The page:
Foot & Ankle Center
Foot & Ankle Center at Mass General Waltham
52 Second Avenue
Building 52, 1st Floor, Suite 1150
Waltham, MA 02451
Mass General – Boston
55 Fruit Street
Yawkey Building, Suite 3F
Boston, MA 02114
Explore Unstable Ankle Fractures
Used with permission from: Footeducation.com: Unstable Ankle Fractures
In unstable ankle fractures, the ankle joint itself is displaced or can be displaced when it is subject to normal forces. Specifically, the lower bone of the ankle joint (the talus) is out of position or can be shifted out of position, leading to incongruity of the ankle joint. For ankle fracture to be unstable the restraining structures on the inside (medial side) of the ankle (deltoid ligament and or medical malleolus) are disrupted. Unstable ankle fractures often require surgery to reposition bones and stabilize the ankle joint.
Patients with unstable ankle fractures are invariably in a lot of pain and require urgent medical attention. They will often report a twisting injury to their ankle with their foot fixed on the ground (ex. stuck in a hole in the ground). They will not be able to bear weight. The examining physician will assess the extent of deformity and look for any associated wounds that would suggest that the fracture has broken through the skin. He will assess muscle, vascular, and nerve function.
Plain x-rays of the ankle will be taken. However, for grossly displaced fractures it is often beneficial for the ankle joint to be repositioned (reduced) before the x-rays are taken. X-rays determine whether an ankle fracture is present and help determine if the injury is stable or unstable.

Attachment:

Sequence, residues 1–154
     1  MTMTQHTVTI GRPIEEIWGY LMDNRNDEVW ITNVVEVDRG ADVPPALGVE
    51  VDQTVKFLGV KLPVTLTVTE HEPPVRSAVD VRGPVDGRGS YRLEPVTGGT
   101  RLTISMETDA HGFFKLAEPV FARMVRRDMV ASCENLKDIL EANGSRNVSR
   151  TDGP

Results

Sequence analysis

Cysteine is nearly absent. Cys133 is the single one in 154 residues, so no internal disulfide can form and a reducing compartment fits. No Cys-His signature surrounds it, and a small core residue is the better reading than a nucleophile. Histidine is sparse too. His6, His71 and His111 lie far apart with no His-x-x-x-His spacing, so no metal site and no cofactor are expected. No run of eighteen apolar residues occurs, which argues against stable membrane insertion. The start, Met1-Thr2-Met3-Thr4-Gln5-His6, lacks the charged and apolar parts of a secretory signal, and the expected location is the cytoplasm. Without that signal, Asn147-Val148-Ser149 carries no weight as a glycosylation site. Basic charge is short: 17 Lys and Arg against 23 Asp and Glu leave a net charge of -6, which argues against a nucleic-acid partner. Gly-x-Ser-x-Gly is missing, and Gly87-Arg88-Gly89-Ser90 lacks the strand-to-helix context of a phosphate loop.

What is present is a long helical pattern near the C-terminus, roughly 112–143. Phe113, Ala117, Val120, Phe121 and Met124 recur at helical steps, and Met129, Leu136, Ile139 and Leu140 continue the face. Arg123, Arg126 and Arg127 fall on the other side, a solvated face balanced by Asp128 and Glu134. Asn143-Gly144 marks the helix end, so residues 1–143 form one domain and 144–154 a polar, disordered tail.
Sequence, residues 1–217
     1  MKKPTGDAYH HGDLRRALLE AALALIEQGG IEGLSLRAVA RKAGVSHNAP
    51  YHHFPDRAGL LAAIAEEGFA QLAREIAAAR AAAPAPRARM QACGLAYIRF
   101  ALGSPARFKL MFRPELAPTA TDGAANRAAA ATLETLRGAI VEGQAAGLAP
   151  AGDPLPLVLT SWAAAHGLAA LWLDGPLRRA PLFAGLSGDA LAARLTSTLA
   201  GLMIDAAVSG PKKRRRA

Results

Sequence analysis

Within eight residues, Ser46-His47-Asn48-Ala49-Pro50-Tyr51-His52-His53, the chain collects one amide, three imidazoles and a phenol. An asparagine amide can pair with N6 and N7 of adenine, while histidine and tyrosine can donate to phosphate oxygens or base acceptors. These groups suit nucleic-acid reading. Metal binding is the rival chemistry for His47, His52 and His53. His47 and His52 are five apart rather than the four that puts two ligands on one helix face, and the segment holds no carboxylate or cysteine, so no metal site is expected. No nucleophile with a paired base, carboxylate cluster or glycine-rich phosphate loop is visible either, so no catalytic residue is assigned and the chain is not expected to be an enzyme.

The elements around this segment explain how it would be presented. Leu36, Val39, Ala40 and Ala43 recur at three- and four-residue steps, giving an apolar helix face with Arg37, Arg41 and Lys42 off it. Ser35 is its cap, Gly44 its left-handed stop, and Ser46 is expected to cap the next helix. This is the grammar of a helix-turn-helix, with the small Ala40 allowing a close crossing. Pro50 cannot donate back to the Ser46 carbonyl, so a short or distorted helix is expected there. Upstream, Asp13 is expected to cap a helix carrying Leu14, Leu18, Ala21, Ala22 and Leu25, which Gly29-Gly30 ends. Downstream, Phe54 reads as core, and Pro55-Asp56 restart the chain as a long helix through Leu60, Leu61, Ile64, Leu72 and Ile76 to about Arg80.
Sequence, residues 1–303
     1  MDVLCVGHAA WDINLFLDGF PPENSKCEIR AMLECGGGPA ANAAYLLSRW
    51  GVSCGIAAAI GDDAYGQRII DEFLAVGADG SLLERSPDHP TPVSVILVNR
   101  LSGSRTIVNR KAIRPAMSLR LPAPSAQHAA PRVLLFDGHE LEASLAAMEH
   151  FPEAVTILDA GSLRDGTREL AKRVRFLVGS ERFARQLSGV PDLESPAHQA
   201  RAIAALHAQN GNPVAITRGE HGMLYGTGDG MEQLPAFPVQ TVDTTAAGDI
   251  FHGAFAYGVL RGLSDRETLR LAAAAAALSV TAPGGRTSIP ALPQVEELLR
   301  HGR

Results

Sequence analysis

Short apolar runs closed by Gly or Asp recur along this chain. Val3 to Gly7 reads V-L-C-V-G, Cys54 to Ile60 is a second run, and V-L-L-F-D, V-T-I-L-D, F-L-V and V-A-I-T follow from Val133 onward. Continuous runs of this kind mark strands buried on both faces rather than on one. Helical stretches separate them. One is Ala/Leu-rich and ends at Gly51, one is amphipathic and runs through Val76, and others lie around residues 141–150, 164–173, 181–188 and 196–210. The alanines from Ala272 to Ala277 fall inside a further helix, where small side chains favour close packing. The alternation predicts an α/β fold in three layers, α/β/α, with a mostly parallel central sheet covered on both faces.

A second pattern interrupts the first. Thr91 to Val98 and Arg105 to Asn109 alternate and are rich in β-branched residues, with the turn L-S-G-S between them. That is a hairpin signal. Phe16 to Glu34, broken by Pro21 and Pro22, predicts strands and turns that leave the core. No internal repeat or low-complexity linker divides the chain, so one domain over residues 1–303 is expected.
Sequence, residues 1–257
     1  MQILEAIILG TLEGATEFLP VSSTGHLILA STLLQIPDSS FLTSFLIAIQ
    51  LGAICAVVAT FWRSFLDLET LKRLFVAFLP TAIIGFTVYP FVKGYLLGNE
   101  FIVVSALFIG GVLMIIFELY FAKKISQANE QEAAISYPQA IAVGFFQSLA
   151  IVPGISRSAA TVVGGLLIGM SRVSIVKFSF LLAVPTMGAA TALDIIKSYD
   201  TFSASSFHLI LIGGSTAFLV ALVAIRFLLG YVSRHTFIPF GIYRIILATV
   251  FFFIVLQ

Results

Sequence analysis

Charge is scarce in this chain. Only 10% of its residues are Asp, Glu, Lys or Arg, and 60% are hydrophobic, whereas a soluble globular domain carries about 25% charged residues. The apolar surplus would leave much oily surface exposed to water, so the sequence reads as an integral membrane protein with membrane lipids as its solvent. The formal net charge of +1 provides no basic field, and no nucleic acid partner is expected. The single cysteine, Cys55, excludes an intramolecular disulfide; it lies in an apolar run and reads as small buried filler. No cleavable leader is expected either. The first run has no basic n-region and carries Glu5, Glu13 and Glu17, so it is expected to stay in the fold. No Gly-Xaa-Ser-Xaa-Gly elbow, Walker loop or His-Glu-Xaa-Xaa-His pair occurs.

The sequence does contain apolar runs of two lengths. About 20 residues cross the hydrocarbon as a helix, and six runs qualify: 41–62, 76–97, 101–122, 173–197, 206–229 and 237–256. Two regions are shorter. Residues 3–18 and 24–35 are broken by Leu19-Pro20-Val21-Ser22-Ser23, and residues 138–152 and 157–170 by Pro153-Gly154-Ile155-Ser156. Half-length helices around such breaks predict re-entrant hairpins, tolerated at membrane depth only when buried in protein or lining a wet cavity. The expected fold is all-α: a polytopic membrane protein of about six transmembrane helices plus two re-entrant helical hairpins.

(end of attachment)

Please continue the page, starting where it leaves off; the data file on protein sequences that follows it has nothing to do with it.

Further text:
Initial management of the fracture begins at the scene of the injury. The lower leg should be splinted and if available a bag of ice may be applied to the area. Further management occurs when the patient reaches the emergency room. If the ankle is markedly displaced (ex. dislocated) it will be necessary for a physician to perform a preliminary repositioning (reduction) of the ankle joint in the emergency room. This is done by sedating the patient or injecting local anesthetic into the ankle joint and then providing gentle traction on the ankle joint. If one of the fractures has broken through the skin this is considered an open fracture and relatively urgent surgery is warranted to clean out the fracture site in an effort to minimize the chance of a serious deep infection. However, if the ankle is markedly swollen and the skin is intact it may be desirable to wait a few days (or more) to let the swelling around the ankle settle as operating through swollen tissue is associated with a higher infection rate. If this is the case then the ankle is splinted and the patient is given pain medication. Elevating the involved leg above the level of the heart and placing a bag of ice (or a bag of frozen vegetables) over the area for 10-15 minutes at a time may be helpful.